But most Americans think that churches should not endorse candidates for political office, although the gap from four years ago has narrowed. Have you heard of any church that has endorsed someone from the pulpit?

Americans have adopted a strict interpretation of the separation of church and state. Just as the state should not interfere in the business of the church, so too the church should leave the state alone. But in some countries the relationship of church and state is more complex. Just think of Great Britain, where the Queen is the head of the Church of England.

The question whether church should engage in politics is not easily resolved. One way to clarify the issue is to define what the church is.

If one means the institutional church, whether the local church or a denomination, there is bound to be a lot of resistance to any meddling in politics, especially in an age when the institutional church has such a bad reputation among many age groups, the young in particular.

Houses of worship should obey federal tax law and stay out of partisan politics during election season, according to groups such as Americans United for Separation of Church and State. Many Americans would agree.

Tax law in Canada similarly restricts the involvement of charities (churches are charities) in politics, limiting involvement to 10% of the funds raised. The Canada Revenue Agency recently audited several charities that are concerned with poverty. the environment and climate change, Some supporters of these charities allege the Conservative government has done this for political reasons.

But all that should not exclude all involvement in politics. Christians can and should be involved with politics. For one thing they are voters. They can also run for political office. And they can try to influence public policies, in spite of current constitutional and tax code barriers.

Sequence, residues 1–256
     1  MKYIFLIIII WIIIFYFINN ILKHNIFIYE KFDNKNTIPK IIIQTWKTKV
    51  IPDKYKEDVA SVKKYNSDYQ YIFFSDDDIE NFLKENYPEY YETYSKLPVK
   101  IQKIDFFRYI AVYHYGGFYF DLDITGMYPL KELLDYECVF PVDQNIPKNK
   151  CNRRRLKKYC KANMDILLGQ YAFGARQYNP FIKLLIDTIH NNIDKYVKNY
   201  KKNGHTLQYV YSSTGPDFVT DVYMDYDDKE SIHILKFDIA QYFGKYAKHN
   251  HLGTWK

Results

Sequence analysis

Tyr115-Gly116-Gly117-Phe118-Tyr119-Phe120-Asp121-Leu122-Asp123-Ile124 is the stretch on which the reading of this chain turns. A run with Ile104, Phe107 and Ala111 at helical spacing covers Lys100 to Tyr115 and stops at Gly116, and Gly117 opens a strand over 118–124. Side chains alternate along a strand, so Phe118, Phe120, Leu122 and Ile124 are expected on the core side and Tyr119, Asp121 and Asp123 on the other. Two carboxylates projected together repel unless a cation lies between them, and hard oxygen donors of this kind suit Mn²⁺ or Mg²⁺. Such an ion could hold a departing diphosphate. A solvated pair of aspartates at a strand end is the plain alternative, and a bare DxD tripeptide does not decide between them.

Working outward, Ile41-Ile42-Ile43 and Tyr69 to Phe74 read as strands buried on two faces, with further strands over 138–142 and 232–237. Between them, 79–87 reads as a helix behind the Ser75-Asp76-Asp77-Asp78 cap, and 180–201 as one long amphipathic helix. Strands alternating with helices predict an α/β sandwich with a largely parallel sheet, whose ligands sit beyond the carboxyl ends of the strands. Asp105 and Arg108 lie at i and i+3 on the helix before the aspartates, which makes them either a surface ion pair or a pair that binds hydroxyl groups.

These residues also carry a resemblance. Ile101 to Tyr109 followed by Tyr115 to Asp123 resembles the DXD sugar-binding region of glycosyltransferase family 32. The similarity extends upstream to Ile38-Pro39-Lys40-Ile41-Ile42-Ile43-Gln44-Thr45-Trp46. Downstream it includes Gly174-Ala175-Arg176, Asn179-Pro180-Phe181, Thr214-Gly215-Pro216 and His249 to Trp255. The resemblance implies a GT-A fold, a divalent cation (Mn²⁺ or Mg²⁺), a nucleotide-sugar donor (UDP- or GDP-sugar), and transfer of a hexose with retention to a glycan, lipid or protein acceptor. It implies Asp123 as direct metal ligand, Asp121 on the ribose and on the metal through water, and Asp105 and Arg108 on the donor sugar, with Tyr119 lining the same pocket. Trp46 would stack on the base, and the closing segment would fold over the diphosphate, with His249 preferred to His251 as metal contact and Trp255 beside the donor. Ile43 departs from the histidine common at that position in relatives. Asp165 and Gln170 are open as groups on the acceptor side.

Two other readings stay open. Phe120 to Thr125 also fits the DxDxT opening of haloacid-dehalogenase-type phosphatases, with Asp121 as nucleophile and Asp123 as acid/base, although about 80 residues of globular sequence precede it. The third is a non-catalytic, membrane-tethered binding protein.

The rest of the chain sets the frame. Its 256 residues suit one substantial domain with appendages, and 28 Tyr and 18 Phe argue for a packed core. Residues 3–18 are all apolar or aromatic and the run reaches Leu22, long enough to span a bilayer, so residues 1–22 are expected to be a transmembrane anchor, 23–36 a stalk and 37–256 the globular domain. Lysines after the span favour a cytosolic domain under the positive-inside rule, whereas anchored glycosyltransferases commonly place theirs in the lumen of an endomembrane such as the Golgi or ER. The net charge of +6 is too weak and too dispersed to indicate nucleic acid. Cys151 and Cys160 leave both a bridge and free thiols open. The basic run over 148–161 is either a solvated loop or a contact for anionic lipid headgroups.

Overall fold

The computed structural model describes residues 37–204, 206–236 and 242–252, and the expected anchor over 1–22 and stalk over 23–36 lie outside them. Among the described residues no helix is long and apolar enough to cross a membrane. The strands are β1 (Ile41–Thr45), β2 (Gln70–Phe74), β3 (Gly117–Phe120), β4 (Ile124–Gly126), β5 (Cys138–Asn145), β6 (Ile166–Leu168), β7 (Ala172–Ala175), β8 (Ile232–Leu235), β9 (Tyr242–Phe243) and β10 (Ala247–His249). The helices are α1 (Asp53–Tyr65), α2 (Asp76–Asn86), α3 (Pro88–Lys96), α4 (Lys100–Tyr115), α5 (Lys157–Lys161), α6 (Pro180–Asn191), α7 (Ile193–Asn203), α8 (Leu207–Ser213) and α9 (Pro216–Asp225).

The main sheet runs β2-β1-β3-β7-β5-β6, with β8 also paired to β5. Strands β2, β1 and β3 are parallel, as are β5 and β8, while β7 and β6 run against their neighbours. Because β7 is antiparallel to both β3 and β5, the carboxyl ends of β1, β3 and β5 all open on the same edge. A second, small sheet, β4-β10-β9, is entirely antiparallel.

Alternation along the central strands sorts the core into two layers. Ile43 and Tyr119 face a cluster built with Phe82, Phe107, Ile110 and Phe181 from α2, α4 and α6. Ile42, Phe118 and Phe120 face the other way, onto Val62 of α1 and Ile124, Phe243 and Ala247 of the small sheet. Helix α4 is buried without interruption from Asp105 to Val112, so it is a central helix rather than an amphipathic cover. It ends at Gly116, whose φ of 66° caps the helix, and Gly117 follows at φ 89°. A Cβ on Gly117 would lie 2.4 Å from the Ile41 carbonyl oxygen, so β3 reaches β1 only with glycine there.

There are many examples from the Bible of believers being involved in politics, but these clearly involve individuals and not institutions.Thus the Bible does not exclude political involvement. 

Archbishop Desmond Tutu famously said in the thick of the battle against apartheid, "When people say that the Bible and politics don't mix, I ask them which Bible they are reading."

Faith-based advocacy groups have been harassed by governments, but that should not deter them from continuing with their advocacy work. Such harassment should inspire them to protest such politically-inspired interference. They must plead for more room for political advocacy. 

They are examples of the church at work, not as an institution but as part of the body of Christ. Working collectively believers can achieve much more than they can as individuals.